It’s easy to fall into a habit of being comfortable. When it comes to coding, productivity can be improved in two ways — getting good at the language you’re working with or upgrading your environment and processes incrementally.
Let’s Begin at the Beginning
Originally, he wanted it to resemble Scheme — a multi-paradigm programming language that many developers today have never even heard of, let alone encounter under normal circumstances in the wild.
As a result of this false advertising, traditionally trained developers often encounter bouts of frustrations because they’re applying what they know against something that looks similar but isn’t producing the result they’re expecting.
Being multi-paradigm has its perks — mostly in the language’s ability to adapt to its requirements and not the other way around.
‘Traditional’ languages like Java and C++ have clear structural and syntactical requirements that need to be fulfilled for the program to compile.
It doesn’t matter how robust a language is, an unskilled developer still has the same potential to create disasters, regardless of which language they’re coding in. It’s just often made worst when they work in a space away from their domain of ‘expertise’.
let. However, this isn’t as big an annoyance as everyone seems to be making out since the advent of TypeScript.
It’s All About Mindset and How Much You Know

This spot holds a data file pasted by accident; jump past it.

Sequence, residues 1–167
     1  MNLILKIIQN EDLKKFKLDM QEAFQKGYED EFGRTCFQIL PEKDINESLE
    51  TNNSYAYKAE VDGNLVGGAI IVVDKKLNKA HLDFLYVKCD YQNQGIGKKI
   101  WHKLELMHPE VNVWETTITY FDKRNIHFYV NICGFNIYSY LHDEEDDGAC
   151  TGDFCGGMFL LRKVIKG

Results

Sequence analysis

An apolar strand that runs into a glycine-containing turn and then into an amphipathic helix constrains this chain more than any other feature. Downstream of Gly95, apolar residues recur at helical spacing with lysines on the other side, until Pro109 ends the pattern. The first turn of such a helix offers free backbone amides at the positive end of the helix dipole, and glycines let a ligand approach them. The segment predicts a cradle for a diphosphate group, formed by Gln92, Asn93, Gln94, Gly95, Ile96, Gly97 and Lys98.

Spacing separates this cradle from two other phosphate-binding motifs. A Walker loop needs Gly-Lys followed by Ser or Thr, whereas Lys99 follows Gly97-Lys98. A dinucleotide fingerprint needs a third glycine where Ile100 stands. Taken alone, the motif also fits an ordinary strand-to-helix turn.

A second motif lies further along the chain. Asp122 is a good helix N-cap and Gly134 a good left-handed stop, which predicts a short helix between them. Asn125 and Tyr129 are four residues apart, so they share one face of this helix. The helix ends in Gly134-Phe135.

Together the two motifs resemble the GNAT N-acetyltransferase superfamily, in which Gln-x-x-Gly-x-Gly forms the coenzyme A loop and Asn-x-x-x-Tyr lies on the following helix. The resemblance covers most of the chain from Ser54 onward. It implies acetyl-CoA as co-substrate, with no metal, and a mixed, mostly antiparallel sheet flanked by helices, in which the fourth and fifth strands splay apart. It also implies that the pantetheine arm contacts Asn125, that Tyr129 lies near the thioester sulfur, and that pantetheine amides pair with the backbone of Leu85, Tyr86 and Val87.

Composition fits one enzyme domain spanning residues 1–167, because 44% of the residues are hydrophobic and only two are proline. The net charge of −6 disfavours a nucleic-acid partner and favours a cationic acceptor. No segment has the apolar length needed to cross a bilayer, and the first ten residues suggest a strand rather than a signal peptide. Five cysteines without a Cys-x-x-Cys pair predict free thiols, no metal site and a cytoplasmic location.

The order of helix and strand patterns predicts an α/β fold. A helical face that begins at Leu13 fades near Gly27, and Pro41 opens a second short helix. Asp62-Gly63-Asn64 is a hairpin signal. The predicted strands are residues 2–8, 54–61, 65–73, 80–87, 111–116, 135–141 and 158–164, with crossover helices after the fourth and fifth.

As developers, we tend to be biased towards what we know best. Resistance to a different way of thinking is natural and part of the learning process, especially when we become entrenched in code patterns we know work.
But while some patterns may work well for a certain language, it is not always universal or the syntax is structured so differently that you can’t quite ascribe the same ways of thinking to achieve the same results.
No one has to sit through hours of computer science classes just to get a working program or wade through several days worth of tutorials, content, books, and reference manuals just to get the basic concepts.
That’s why it’s also important to take the time and learn it properly — from the ground up without any side distractions like libraries and frameworks, which often come with their own requirements.
Only then can you truly begin to approach your code with an open mind and not get stuck in a self-perpetuating feedback loop. This is because, as humans, we tend to choose only what we want to see rather than reality.
To be an effective and efficient developer, you need to learn how to move beyond this. Senior developers have this skill mastered.